And now, here we are on Labor Day 2018, overlooking a bay on the Adriatic Sea with stunning cliffs all around us in Kotor, Montenegro, where we are living this month. Tomorrow will be the same. I won’t have a clock sounding the alarm about a return to the office.

I wonder why more people don’t decide to take our route. Plenty of people tell me all the time: you’ve got the life, don’t you? Well, yea, thanks, I do… but it took work to get here.

And yes, there are definite risks. Hell– I got breast cancer on our travels and had a double mastectomy abroad, without any health insurance. But I found great, quality health care at an affordable price outside the U.S.

Life is so different — and often better — outside the U.S. It’s so ironic the media have most Americans brainwashed about how this is a horrible world with horrible people outside America. I’ve discovered people around the world are better than those U.S. leaders and media outlets making all those scary, sensational, fake claims. When I worked in the media, scaring people into stupidity was the opposite of what I tried to do. But that’s another story.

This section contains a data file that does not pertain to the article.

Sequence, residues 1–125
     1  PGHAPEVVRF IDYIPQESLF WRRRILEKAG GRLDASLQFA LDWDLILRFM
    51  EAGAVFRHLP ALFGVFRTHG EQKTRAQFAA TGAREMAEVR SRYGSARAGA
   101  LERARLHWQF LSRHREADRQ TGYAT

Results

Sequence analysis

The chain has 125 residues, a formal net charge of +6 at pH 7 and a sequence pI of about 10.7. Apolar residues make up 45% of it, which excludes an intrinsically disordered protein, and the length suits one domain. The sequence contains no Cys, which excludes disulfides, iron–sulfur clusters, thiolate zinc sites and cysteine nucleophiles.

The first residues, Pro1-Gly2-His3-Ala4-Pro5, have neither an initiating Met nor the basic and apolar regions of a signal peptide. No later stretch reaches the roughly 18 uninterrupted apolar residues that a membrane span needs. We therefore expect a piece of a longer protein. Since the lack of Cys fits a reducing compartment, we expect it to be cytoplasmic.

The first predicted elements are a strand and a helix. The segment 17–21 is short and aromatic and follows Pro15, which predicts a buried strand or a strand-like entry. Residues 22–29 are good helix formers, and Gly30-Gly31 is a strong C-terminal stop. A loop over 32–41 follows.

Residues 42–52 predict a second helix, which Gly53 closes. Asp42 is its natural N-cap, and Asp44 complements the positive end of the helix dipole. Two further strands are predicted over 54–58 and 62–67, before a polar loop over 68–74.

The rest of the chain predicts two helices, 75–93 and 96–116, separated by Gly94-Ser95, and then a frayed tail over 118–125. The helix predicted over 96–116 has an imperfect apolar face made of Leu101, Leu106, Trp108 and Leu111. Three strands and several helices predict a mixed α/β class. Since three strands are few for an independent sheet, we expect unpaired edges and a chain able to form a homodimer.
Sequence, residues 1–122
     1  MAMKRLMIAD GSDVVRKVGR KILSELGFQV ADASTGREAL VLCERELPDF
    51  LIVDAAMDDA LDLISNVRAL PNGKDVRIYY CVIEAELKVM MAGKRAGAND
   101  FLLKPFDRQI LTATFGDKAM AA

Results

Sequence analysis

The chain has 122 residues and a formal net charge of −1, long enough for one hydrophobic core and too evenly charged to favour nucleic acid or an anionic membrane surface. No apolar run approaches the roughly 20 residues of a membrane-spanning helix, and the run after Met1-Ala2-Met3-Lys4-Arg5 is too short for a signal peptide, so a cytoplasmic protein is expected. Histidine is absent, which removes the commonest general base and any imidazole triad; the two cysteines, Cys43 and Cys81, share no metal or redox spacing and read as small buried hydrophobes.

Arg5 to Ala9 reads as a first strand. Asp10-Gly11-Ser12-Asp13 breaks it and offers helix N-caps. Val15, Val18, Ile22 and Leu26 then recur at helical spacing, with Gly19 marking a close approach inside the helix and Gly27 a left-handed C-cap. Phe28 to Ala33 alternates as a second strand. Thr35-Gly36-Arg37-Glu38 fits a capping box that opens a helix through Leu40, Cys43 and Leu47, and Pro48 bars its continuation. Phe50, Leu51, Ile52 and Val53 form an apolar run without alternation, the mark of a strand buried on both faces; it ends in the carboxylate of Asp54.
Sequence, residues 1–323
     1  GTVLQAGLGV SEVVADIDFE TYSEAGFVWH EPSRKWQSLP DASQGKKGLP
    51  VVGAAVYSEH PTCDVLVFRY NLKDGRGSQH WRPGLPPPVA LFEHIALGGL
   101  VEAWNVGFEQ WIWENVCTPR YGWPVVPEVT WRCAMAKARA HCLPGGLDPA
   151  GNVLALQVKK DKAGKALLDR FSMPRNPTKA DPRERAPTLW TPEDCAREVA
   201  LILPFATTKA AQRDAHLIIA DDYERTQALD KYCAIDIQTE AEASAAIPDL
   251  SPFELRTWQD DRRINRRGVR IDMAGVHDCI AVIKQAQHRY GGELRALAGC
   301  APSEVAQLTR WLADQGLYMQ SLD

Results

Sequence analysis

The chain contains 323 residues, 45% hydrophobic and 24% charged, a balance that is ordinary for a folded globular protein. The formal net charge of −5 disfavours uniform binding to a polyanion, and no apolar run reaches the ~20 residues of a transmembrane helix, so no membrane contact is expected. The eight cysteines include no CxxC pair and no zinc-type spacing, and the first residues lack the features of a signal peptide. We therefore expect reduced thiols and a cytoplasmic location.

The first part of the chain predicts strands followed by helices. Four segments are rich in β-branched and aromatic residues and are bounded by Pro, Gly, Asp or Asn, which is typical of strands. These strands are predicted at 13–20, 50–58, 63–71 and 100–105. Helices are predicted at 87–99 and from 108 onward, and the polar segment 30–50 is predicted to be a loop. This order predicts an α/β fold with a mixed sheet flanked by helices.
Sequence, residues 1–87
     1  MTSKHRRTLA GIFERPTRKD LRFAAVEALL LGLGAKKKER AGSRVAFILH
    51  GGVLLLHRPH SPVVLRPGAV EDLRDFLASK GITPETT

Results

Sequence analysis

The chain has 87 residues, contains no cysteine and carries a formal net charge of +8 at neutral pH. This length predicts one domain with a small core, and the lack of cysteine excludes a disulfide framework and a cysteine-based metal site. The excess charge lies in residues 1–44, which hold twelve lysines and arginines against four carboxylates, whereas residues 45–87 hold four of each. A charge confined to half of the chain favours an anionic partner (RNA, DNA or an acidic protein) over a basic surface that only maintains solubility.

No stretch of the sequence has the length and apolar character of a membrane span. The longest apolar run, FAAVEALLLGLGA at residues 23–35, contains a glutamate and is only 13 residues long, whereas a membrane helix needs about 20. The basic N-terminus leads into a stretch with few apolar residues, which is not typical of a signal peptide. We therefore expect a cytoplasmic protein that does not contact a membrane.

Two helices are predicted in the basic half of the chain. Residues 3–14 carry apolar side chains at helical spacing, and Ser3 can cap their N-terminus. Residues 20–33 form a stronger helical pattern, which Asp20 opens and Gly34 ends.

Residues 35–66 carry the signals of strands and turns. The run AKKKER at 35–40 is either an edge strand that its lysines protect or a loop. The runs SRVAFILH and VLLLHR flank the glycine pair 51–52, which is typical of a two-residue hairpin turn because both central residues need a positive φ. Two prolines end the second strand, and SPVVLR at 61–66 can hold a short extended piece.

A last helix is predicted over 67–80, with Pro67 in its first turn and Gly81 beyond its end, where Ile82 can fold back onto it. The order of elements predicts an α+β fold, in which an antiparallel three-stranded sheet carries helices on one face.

After the long Labor Day weekend, some Americans will go back to their jobs with a plan for early retirement and/or budget travel lifestyle.

If you are one of them, the pictures below are for you: Adriatic views, Moroccan mountains and deserts, sunsets and clear seas in Belize, jungles and volcanoes in Guatemala, fine art in Europe, Maya ruins and siestas in Mexico…

In the crush of the daily grind, try to remember the relaxed and peaceful, long Labor Day weekend can be the reality of all your days.